fri 14/08/2020

Skelton, Rice, BBCSO, Gardner, Barbican review – romanticism’s last stand | reviews, news & interviews

Skelton, Rice, BBCSO, Gardner, Barbican review – romanticism’s last stand

Skelton, Rice, BBCSO, Gardner, Barbican review – romanticism’s last stand

Adventurous programme explores rarely heard works from fin de siècle Vienna

Stuart Skelton, Christine Rice, Edward Gardner with the BBC SOAll images Tom Howard

Only a modest audience turned up for this BBC Symphony Orchestra concert, though it was unclear if this was caused by the threat of airborne disease or the inclusion of Schoenberg on the programme. The result was a paradoxical intimacy, with the huge orchestra expressing complex but private emotions from a group of fin de siècle Viennese composers. That intimacy was also a result of the music’s history, with the three of the four works originally for chamber groups, but here up-scaled to maximise impact.

Schoenberg’s Verklärte Nacht (originally for string sextet but played here in the composer’s arrangement for string orchestra) is an atmospheric tone poem, based on a poem by Richard Dehmel about a couple reconciling while walking through a wood at night. The BBC Symphony Orchestra strings were on top form here, producing a rich, engaging tone, with weighty but controlled support from the cellos and basses. Conductor Edward Gardner is versatile, but his strengths lie more in propulsion and drama than in the lugubrious tone painting that a score like this requires. He was clearly reluctant to linger on any of Schoenberg’s harmonies, however seductive or complex, but his dramatic shaping brought its own rewards. Schoenberg clearly tells a story here, however abstract, and Gardner emphasised that narrative quality. Phrases were shaped generously, but with the music always propelled towards the next climax.

In an ingenious sleight of programming the Schoenberg was followed by Oskar Fried’s Verklärte Nacht, a setting of the same poem, composed two years later, in 1901. Like Schoenberg, Fried uses rich mid-range textures to evoke the forest setting. His harmonies are less sophisticated than Schoenberg’s, but he makes inventive use of his more limited vocabulary, and his orchestral colouring is expertly applied. The work makes Wagnerian demands on its two vocal soloists, but both mezzo Christine Rice and tenor Stuart Skelton proved up to the task. Rice employs a broad but controlled vibrato, which suits this music perfectly. Skelton brought his full set of Heldentenor skills to the role, which could easily have disappeared under the huge orchestra from a lesser voice. Edward Gardner conducts the BBC SOFranz Lehár’s Fieber (Fever) was the next Viennese oddity. The work, described as a tone poem for tenor and orchestra (though originally with piano accompaniment), tells of a soldier, experiencing a series of lurid visions as he dies on a battlefield. Not the usual fluffy fare we expect from Lehár then. The score is surprisingly Mahlerian, with military marches and tattoos woven into the fabric. But Lehár takes everything too far, and the results are overblown and melodramatic. Fortunately, Stuart Skelton brought some dramatic credibility to proceedings. His rich but nimble voice again proved ideal, as did his ability to carry over a punishingly huge orchestra.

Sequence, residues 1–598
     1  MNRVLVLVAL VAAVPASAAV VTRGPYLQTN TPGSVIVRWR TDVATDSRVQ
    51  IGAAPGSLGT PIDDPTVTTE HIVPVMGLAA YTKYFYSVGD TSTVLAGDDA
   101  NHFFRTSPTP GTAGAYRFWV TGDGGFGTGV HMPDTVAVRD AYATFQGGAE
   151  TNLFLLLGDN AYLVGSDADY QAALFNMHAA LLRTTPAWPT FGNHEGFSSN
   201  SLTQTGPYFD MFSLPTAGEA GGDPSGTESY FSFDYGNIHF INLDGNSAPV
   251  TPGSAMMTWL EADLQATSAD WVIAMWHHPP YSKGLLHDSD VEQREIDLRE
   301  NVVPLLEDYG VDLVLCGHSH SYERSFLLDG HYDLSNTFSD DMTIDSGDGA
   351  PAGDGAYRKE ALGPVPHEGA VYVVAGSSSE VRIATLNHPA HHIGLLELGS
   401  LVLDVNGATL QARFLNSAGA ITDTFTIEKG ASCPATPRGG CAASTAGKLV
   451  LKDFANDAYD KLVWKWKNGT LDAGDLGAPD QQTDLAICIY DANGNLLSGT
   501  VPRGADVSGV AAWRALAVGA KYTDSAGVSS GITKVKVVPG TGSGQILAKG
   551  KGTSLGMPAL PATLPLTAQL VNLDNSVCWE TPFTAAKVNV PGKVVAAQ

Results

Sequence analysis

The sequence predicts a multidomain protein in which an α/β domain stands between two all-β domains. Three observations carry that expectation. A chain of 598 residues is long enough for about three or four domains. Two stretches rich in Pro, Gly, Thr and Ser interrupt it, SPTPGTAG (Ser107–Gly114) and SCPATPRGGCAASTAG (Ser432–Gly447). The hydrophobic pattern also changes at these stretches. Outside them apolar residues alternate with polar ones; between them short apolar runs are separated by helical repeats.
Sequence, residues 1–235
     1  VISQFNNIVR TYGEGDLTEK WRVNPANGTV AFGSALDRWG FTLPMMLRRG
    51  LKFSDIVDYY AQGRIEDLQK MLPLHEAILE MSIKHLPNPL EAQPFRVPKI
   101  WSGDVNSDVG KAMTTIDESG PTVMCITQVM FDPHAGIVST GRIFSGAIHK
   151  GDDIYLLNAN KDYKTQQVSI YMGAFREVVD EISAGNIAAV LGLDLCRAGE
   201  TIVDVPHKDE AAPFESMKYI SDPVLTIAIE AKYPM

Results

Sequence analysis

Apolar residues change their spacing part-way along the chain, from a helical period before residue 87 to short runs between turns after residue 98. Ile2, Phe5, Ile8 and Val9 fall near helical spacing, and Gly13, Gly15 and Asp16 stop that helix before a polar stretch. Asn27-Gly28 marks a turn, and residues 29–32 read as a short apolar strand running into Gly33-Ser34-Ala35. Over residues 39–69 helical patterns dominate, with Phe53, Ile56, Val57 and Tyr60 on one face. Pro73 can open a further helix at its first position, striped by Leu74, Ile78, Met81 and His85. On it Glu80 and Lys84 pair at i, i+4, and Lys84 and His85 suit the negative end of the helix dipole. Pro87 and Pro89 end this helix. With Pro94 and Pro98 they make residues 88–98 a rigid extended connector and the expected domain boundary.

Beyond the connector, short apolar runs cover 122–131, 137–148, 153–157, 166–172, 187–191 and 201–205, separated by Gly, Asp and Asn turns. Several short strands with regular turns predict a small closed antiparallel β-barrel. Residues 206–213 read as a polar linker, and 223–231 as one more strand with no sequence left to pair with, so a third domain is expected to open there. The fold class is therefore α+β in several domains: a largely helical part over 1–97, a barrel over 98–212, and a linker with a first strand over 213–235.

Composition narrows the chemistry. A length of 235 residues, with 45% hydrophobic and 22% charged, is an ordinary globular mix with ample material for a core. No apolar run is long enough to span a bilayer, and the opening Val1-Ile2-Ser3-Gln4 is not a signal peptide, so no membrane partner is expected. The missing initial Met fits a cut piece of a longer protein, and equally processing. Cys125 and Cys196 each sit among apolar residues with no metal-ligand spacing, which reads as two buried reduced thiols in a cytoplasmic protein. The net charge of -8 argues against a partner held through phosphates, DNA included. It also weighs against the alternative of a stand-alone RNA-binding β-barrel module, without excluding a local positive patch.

Back to Schoenberg for the final work, his 1937 orchestration of Brahms’s First Piano Quartet. The arrangement has always been controversial, for the huge orchestra that Schoenberg employs to convey Brahms’s modest and unprepossessing textures. I’m a believer: The original is early Brahms and the sophistication that the mature Schoenberg brings adds richness and colour. But the work needs guidance from a steady hand, as the huge orchestra can easily become unbalanced. Fortunately, Gardner (pictured above) knew exactly where to take the music. Despite the often bottom heavy orchestration, he kept everything fleet and swift. He made no apologies for Schoenberg’s approach, and the sheer weight of the orchestral sound was an important dimension of his reading. Supply shaped phrases in the first movement brought a muscular rigour to the main themes. Textures in the quieter moments were sometimes a little loose, but Gardner wasn’t fussing over details.

The third movement Andante con molto is the most provocative part of Schoenberg’s arrangement, the delicate textures here scaled up to huge string sonorities to the point of unrecognisability. But Gardner pushed through, giving the music elegant rhythmic shape, and without letting the heavy textures drag. That tension became acute at the opening of the Presto finale, with the swift Hungarian dance initially unsteady on its feet. But Gardner soon regained control, cleanly articulating the distinct tempos for each of the episodes. There is no doubting that this orchestration deserves its controversial reputation, but the tensions that Schoenberg introduces make it an ideal vehicle for a virtuoso conductor, and Edward Gardner shone.

@saquabote

Stuart Skelton’s rich but nimble voice proved ideal, bringing real dramatic credibility

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Average: 4 (1 vote)

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